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Decimal place value: FAQ

Frequently asked questions about decimal place value.

What are decimals?

Decimals are a way of writing numbers that include parts of a whole. They are written with a decimal point to separate the whole number from the fractional part. For example, 2.5 is a decimal number that is equivalent to 212.
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How do I compare two decimal numbers?

We can compare decimals by starting with the whole number parts. If they are different, the larger whole number makes the larger decimal. If the whole number parts are the same, compare the digits after the decimal point from left to right until you find a difference.
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How do I order a set of decimal numbers from smallest to largest?

When we compare numbers, we should always start with comparing the largest place value. We can use a place value chart to compare all the numbers.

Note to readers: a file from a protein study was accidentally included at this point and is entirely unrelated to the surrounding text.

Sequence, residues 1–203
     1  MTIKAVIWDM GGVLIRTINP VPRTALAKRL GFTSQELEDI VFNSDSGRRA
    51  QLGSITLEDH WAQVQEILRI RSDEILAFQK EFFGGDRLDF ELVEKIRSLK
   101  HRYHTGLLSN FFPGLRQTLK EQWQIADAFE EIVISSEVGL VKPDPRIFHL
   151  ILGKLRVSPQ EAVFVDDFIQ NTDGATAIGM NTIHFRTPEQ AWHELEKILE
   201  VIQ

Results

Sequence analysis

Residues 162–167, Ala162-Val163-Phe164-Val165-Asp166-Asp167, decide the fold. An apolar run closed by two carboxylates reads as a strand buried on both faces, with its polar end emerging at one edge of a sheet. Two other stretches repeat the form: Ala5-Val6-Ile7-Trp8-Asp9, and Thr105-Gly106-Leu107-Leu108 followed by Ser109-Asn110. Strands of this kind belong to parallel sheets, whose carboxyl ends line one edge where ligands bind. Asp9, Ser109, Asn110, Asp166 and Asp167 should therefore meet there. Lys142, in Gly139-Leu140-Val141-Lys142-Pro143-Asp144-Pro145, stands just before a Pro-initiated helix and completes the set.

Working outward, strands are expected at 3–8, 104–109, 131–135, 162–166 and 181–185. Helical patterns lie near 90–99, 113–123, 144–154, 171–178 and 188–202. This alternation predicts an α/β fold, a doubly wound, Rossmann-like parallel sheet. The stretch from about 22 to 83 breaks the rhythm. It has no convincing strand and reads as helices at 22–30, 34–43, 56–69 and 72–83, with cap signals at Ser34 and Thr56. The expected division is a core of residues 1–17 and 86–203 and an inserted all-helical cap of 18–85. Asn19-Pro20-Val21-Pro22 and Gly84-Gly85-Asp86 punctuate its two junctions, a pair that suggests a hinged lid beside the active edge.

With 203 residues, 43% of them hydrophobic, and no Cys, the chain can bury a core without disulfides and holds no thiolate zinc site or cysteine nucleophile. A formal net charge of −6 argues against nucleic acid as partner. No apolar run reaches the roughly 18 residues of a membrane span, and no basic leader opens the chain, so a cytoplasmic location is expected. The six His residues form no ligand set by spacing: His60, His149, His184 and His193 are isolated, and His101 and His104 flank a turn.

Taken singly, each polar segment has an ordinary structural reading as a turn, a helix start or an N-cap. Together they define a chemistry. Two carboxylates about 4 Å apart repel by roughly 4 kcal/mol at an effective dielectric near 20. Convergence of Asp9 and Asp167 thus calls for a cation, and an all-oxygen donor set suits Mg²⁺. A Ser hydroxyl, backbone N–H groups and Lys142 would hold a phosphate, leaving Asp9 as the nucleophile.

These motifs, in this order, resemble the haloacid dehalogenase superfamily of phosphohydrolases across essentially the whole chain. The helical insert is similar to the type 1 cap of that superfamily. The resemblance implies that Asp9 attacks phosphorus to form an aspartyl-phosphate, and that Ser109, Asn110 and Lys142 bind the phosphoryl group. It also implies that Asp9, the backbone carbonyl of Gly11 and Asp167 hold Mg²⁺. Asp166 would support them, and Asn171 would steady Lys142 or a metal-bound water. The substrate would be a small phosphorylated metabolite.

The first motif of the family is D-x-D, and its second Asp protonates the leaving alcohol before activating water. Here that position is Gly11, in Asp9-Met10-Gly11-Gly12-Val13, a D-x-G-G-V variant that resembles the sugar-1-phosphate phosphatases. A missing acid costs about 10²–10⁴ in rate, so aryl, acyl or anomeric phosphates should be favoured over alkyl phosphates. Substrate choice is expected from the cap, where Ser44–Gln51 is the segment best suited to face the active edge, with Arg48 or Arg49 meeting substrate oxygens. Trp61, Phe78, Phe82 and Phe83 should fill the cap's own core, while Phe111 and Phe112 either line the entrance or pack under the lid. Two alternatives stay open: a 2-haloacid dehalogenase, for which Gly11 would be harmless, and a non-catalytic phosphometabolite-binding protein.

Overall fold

The greatest place value with different digits is the tenths place.
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What are the different ways to write decimals?

We can write decimals like we write whole numbers, in standard, written, or expanded form.
Standard form is the way we typically write decimals, with the whole number to the left of the decimal point and the fractional part to the right. For example: 6.35 is in standard form.
Written form means writing the decimal out in words. For the examples above: 6.35 would be written as "six and thirty-five hundredths."
Expanded form means breaking the decimal down into its individual place values. Using the examples above: 6.35 would be written as (6×1)+(3×110)+(5×1100).
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Where are decimals used in the real world?

Decimals are used in many places! For example, they are often used to represent currency (like $2.50), measurements (like 5.5 inches), and percentages (like 0.75, which is equivalent to 75%).

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